Sine Mora, the Grasshopper Manufacture and Digital Reality 2.5D shooter, is coming to the PSN and PS Vita sometime this year. The title was already released on XBLA earlier this year, and barring any additions to the upcoming versions, what can players expect from a disel-punk inspired shooter with anthropomorphic characters?
Ronotra Koss has one goal in mind: revenge. Once a member of the Layil Empire, Koss is on a rampage after the death of his son. Meanwhile, the last of the Enkie resistance is bent on stopping Koss’ bid for total destruction. At least, that’s what I can gather after a few playthroughs.
You see, one of Sine Mora’s most interesting and weakest points is the story. Don’t get it twisted: beneath this shooter is a complex storyline that would put most modern dramas to shame. This isn’t a shoot-em-up with a simple structure of bad guy must be blown up because you’re the good guy. Instead, the plot’s use of adult fare like murder, betrayal, sacrifice, and treason deliver an expansive Game Of Thrones-like web. Throw in the concept of time and now the web only expands bigger.
It’s heavy stuff for a shmup, and it would work if the delivery was better. In Sine Mora’s Story Mode, you change characters throughout each level, taking on not only a different plane but also another perspective and piece of the story. This rapid shift doesn’t make the narrative’s delivery easy. Loading screens, which come with bits of character explanation and back story do become your best friend, though, if you’re trying to get a sense of exactly what the hell is going on.
Admitdly, while the character switches confuse the story, it’s also a clever way to introduce you to the game’s interesting main cast, as well as their planes.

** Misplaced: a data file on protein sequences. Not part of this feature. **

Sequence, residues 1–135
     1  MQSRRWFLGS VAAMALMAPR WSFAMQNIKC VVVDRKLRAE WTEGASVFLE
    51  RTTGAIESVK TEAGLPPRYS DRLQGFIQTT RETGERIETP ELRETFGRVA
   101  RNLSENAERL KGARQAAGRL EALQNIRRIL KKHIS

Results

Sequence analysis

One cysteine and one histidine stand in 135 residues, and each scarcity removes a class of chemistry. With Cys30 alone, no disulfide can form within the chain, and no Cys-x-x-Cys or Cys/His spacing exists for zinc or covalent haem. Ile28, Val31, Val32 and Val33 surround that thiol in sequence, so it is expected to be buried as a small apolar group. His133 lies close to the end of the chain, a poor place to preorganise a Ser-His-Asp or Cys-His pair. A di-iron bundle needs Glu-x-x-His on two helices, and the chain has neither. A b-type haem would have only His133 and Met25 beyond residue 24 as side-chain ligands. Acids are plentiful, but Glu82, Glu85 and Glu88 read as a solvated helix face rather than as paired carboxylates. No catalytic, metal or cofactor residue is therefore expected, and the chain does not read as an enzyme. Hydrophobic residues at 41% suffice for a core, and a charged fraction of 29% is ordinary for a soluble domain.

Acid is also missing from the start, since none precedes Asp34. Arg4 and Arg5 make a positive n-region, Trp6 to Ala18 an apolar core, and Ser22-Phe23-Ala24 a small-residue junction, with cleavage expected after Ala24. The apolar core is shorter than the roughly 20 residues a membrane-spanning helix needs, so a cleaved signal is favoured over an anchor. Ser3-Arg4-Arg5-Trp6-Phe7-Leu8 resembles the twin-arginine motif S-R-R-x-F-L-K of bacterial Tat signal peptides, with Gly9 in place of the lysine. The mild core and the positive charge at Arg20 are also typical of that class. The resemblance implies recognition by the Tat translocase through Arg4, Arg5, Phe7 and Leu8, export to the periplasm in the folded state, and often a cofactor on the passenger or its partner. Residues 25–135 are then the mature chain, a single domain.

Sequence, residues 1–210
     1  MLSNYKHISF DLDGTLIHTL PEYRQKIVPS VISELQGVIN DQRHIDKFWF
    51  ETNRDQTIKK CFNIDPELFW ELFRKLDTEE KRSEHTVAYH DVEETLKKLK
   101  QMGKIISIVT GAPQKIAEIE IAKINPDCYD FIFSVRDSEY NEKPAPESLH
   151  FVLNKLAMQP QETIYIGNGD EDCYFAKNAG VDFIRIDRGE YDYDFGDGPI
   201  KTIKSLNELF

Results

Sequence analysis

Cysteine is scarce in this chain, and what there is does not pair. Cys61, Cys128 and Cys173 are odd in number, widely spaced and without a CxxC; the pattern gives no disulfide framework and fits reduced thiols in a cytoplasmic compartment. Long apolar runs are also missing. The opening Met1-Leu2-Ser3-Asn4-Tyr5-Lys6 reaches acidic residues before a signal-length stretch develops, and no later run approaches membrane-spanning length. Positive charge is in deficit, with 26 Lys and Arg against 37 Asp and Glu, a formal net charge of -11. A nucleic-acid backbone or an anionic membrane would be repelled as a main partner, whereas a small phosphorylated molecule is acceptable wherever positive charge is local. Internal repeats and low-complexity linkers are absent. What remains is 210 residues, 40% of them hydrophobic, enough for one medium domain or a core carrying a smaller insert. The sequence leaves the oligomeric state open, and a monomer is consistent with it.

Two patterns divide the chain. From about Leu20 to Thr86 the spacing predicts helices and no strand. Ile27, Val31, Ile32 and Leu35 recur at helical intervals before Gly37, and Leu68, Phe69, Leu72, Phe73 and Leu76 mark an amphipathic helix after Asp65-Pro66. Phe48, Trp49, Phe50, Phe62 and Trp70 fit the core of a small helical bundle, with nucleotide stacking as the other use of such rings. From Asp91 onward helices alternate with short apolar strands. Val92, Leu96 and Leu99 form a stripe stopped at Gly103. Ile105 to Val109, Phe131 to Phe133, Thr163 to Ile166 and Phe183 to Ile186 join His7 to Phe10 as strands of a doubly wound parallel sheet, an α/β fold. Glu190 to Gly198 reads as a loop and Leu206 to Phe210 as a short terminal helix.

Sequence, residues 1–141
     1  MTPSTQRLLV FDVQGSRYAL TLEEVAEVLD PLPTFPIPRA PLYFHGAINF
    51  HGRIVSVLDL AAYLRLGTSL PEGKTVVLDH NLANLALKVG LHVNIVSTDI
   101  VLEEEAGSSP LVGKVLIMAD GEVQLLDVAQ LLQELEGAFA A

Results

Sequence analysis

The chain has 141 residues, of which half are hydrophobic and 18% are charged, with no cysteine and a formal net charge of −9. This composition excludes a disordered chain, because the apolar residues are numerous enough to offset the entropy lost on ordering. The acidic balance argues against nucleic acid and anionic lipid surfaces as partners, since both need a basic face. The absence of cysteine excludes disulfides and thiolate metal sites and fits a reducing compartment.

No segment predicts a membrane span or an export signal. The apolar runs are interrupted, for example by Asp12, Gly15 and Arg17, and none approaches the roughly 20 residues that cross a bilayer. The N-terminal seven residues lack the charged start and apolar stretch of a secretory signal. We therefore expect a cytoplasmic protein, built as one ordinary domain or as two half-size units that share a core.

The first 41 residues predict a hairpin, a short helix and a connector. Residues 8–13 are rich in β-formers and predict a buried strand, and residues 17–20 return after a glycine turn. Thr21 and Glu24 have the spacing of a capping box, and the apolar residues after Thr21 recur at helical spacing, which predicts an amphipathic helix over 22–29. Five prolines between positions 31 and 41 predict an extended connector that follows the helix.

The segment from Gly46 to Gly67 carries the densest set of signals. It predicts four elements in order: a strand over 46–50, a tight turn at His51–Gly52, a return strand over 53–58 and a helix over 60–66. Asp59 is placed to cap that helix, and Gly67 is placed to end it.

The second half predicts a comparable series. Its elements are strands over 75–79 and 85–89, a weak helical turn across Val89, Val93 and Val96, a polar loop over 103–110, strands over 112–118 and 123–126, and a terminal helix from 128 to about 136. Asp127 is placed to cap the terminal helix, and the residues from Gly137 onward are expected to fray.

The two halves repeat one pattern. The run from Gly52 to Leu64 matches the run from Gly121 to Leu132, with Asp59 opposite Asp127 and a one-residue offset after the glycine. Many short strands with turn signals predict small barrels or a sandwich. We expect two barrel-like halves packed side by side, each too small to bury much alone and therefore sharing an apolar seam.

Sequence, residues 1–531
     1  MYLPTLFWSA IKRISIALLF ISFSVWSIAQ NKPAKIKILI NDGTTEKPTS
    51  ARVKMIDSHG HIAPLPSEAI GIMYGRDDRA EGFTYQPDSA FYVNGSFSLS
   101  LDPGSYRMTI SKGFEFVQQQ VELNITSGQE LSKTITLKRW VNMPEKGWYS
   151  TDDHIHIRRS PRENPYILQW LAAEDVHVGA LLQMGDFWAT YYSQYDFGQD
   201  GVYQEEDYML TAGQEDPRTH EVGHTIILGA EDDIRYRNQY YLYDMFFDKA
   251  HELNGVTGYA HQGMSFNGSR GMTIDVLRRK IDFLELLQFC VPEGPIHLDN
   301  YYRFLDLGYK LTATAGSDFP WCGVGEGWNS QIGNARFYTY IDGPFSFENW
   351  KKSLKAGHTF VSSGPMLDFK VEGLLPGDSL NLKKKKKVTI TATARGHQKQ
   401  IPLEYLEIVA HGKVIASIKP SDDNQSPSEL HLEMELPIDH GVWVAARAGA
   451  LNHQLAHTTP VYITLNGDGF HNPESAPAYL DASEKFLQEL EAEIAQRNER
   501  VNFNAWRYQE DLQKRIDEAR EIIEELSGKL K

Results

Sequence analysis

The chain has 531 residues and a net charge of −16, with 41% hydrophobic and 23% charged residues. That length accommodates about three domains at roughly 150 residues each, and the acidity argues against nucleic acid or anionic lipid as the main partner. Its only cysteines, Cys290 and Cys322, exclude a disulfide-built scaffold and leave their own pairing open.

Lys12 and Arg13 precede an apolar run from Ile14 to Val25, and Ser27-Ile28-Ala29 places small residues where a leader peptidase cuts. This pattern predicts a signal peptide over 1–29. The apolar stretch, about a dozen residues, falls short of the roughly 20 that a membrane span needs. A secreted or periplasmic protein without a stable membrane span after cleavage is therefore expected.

When it comes to nearly everything else about this title, Sine simply knocks it out of the park.
Graphically, you’d be hard-pressed to find a beautifully designed side-scrolling shooter with disel-punk aesthetics. You may be playing on a 2D plane but the 3D rendered backgrounds are so full of lush colors and vibrant life that it’s hard not to take notice while playing. At times, the game feels more like an interactive painting that explodes with warm color and, well, explodes brilliantly with the death of enemies.
The sound is just as alive as the visuals. The roar of plane engines and robotic wheeze of the mechanical constructs that oppose you sound convincing. Akira Yamoaka’s 1970’s electronic inspired soundtrack feels ambient at times but revs up appropriately during some boss fights.
And having the characters voiced in Hungarian adds in another unique charm to the title. It’s another small point that’s makes the title stand out.
Gameplay, however, really shines.
Sine’s game director, Theodore Reiker, would probably contend that this isn’t your typical bullet-hell title. And after playing, one would have to agree. While arcade mode and score attack mode could be seen as for the experienced, for the most part, the game’s story mode is highly accessible to those not familiar with the genre. Still, there is enough forward and accessible thinking in the vein of shooters like Ikaruga and Einhander to perhaps grip grizzled vets.
Sine Mora, which is Latin for Without Delay, eschews the standard one-hit kill rule or health bar by using time. Every hit takes away from the counter ticking away. Get to zero and your plane explodes. On the other hand, kill enemies and you add more to your time. It’s a unique mechanic that’s at time’s just as frantic as dodging a screen full of bullets. There’s just something so arcade about it, especially when dismantling the memorable bosses that often fill half the screen if not all.
Speaking of a rain of bullets, time once again plays as a factor to cushion that particular blow as you also have the ability to slow down time.
Add in the option to combine the numerous planes, characters and abilities in a variety of ways in the game’s other modes, and you’ve got a title with high replay value.
Influenced by titles like Einhander and Under Defeat, Reiker once said during an IGN interview:
“Everybody in the team is a fan of the genre, and Sine Mora is our tribute to the amazing games that we played over the last 30 years. It includes what we think this genre would ideally deserve.”
For the most part, I’d have to agree.
GO Rating: 4/5